However, if you are growing tall plants such as tomatoes or cucumbers, you can use metal cages to keep the plants upright.
How to get rid of insect bugs from the garden?
Many gardeners tolerate pests because they think that using pest control methods can harm useful, beneficial predators and pollinators.
But if the pest damage is very high, you will need to start the following least invasive pest control methods.
The techniques I have mentioned in this article use simple tools, natural ingredients, and devices that create a protective wall between garden plants and insects.
1. Covering the plants with flaunting row covers
You can prevent the insects from eating plants by covering them with a flaunting row cover.
Floating row covers are transparent plastic or fabric covers that keep flea beetles and many pests away from the garden.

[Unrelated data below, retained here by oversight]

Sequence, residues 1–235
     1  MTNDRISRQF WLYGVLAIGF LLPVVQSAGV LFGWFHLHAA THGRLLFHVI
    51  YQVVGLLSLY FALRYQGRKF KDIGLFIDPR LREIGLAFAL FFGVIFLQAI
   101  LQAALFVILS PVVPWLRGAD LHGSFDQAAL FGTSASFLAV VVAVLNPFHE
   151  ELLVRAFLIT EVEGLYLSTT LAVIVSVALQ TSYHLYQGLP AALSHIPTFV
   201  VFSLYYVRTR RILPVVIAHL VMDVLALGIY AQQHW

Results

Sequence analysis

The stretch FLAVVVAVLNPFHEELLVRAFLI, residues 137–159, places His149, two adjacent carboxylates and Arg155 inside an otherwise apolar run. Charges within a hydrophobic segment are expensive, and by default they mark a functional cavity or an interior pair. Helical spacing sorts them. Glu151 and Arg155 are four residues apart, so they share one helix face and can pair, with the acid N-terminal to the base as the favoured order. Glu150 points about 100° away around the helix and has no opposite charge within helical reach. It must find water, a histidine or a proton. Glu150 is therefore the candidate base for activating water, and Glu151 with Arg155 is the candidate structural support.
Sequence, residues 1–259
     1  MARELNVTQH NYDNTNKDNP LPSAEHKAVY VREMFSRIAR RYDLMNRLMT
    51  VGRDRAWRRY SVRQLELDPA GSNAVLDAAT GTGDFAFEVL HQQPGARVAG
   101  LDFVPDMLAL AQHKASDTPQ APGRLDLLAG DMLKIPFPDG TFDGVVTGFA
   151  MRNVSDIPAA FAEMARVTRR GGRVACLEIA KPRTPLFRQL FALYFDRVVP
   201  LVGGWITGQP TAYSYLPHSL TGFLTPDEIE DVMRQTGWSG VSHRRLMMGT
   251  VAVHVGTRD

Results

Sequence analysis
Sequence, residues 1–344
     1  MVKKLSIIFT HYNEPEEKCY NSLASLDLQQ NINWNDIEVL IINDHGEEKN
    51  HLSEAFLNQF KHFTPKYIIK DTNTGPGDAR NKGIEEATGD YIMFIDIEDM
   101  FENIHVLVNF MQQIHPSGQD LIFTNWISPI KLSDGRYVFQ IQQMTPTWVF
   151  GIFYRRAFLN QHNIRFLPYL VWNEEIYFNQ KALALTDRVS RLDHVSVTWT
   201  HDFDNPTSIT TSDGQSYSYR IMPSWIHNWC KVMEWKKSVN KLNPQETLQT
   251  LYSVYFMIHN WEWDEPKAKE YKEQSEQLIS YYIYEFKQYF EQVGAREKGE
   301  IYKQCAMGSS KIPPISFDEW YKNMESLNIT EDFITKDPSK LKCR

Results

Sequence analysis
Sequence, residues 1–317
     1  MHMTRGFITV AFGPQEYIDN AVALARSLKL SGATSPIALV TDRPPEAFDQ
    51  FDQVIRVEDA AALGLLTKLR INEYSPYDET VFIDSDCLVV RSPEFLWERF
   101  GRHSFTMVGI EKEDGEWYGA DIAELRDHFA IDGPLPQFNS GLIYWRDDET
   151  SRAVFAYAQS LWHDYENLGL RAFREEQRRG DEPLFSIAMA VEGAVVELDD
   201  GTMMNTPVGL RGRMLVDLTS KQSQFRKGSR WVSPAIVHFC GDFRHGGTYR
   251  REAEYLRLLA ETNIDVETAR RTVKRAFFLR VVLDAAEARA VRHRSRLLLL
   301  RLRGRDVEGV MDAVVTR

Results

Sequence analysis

You can purchase flaunting row covers from a local garden supply store.
Put the cover over the rows of plants and if your plants start bending, use stakes to keep them upright.
You can also use these row covers to prevent birds and raccoons from eating your plants.
The covers are made of thin fabric with a tight weave, which is also long-lasting.
If you can’t row covers, you can use cloches or insect netting instead.
However, these barriers can prevent pollination, so don’t put these covers on flowering plants.
2. Handpicking the pests
Large bugs like caterpillars or snails are easier to spot in the garden, so you can easily pick them up.
After picking the bugs, you can relocate them to any other place or put them in a mixture of water and soap.
The picking method works best if you have a small garden with less number of pests in it.
However, this method is a little labor-intensive.
3. Make use of insect traps
You can use yellow sticky insect traps to catch the garden bugs.
They are easily available in most garden stores.
You can place them in your garden and between the branches of the plant, and they will catch the nearby garden bugs.
Pests like snails and slugs will climb under it and will get trapped.